The proposed Horse Heaven Hills viticultural area is located in south-central Washington State, east of the Cascade Mountain Range and north and west of the Columbia River, which bisects part of the State. The 570,000 acres contained in the proposed viticultural area are generally south-sloping, open desert plains with the geographical characteristics of a watershed as dozens of drainages run north to south through the area in a wheel spoke pattern. Elevations range from 1,800 feet at the area's northern boundary to 200 feet at its southern boundary along Columbia River.
To the north and east, the Yakima Valley borders the proposed viticultural area. The crest of the Horse Heaven Hills and the steep slope and cliffs of the Yakima Valley form a natural boundary between the two regions. Only three Washington State Department of Transportation-maintained passes exist between the Horse Heaven Hills and the Yakima Valley, the petition notes. Extreme terrain and south- and southeast-facing slopes mark the area's western border. The 1,700-foot elevation line creates a border that follows the drainages in a south-southwest line to Pine Creek and down to the Columbia River. The southern border is the Washington State shoreline of the Columbia River.
Perhaps the most unique feature of the proposed Horse Heaven Hills viticultural area, according to the petition, is the amount of strong wind the area receives. Because of the area's proximity to the Columbia River, and because the Columbia Gorge acts as a funnel, the Horse Heaven Hills area receives significantly more wind than surrounding areas.
In “The Columbia Gorge Wind Funnel,” an article in the July 2003 issue of Weatherwise magazine (pages 104 through 107), Howard E. Graham of the National Weather Service's Portland, Oregon, office explains that the wind patterns through the Columbia Gorge are a function of the pressure differences between the west and east ends of this 120-mile long canyon. The Gorge surrounds the Columbia River between Bridal Veil to the west, and Arlington to the east. The article emphasizes that the rarely calm winds always flow along the axis of the Gorge. The Pacific winds from the west bring moderating, mild maritime air into the Gorge. Conversely, the continental high winds from the east bring dry air that is seasonably hot or cold. The heat of the Columbia Basin, according to the petitioner, draws these intense winds north over Horse Heaven Hills after they exit the Columbia Gorge.
The proposed Horse Heaven Hills viticultural area records an average of 30 percent more annual Wind Run Miles (a unit of measurement for the force and speed of wind in one hour), the petition states, than the Walla Walla viticultural area to the east and the Yakima Valley viticultural area to the north. It has 20 percent more Wind Run Miles than the Red Mountain viticultural area, which is to the proposed area's immediate north. Annual Wind Run Miles (WRMs) within the proposed Horse Heaven Hills average 46,200. By comparison, the Walla Walla and Yakima Valley average 32,800 WRMs, while the Red Mountain area averages 36,700 WRMs annually.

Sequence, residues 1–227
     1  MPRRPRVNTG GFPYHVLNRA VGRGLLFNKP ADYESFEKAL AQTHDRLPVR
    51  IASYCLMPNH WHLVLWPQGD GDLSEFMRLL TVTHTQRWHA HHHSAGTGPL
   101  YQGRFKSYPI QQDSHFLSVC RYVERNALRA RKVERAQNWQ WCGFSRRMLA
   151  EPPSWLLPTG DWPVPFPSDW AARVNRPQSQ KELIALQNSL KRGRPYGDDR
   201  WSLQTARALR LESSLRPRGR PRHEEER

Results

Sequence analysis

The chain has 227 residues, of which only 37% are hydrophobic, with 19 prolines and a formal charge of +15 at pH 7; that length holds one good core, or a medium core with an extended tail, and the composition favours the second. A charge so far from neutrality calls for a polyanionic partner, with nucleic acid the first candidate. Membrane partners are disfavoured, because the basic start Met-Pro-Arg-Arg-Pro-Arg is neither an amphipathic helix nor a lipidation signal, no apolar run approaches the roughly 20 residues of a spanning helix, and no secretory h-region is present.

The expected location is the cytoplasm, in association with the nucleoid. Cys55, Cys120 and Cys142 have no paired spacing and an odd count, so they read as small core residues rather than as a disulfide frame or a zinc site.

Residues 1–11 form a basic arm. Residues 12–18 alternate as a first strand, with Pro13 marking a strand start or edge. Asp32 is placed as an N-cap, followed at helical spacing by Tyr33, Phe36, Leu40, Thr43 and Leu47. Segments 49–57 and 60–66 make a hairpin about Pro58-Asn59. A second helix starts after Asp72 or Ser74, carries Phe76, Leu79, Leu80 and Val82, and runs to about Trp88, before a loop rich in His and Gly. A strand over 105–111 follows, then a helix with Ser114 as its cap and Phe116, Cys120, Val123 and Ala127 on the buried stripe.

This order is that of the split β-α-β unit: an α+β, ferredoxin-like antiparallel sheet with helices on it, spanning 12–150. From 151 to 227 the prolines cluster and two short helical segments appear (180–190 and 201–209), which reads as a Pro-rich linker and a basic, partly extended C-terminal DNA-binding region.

The wind's effect on viticulture is especially noted during the grapevines' bud-break to fruit-set period, according to a 1982 article, “Influence of Windbreaks and Climatic Region on Diurnal Fluctuation of Leaf Water Potential, Stomatal Conductance, and Leaf Temperature of Grapevines,” by Freeman, Kliewer, and Stern in the American Journal of Enological Viticulture, vol. 33:233-236. The most-often observed consequences of the higher winds within the proposed Horse Heaven Hills viticultural area are a reduction in canopy size and density of grapes on the vines, and a reduction in vine disease, a result of the drying of wet plant surfaces on which fungal spores or bacteria may have landed. The petitioner contends that the amount of wind is a key factor in determining the amount of irrigation needed to allow the vines to grow without causing harm to the plants. Start Printed Page 3325
According to the petition, the proposed Horse Heaven Hills viticultural area is one of the warmest growing regions within the Columbia Valley region of Washington State. This is significant, the petitioner states, because of the dramatic impact a warm growing season has on harvest date and fruit quality. The petition notes that harvest time in the Horse Heaven Hills may start up to two weeks before the harvest in the Yakima Valley, 40 miles to the northwest. Further, the petitioner states, the growing season in the Horse Heaven Hills allows growers to ensure full maturity in mid- to late-season grape varieties while receiving the benefit of extended time on the vine. The length of the growing season produces unique fruit characteristics, the petition notes, resulting in many “single vineyard” designated wines. It also decreases the risk of fall frost and harvest time disease.
The proposed Horse Heaven Hills viticultural area, according to the petition, accumulates on average 10 percent more Annual Heat Units (an index calculating the sum of the average daily temperatures above a threshold of 50 degrees F during the growing season) than the Yakima Valley and 5 percent more than Chelan, Washington, 120 miles to the north. The petition added that heat accumulation in the Horse Heaven Hills area is comparable to the Walla Walla Valley viticultural area but 10 percent less than the Red Mountain area to its immediate north. For example, the petition states that over the past ten years the Horse Heaven Hills area averaged an Annual Heat Unit accumulation of 2,801. By contrast, the areas surrounding Horse Heaven Hills had the following annual averages: Yakima Valley—2,568; Chelan—2,676; Red Mountain—3,016; and Walla Walla—2,821.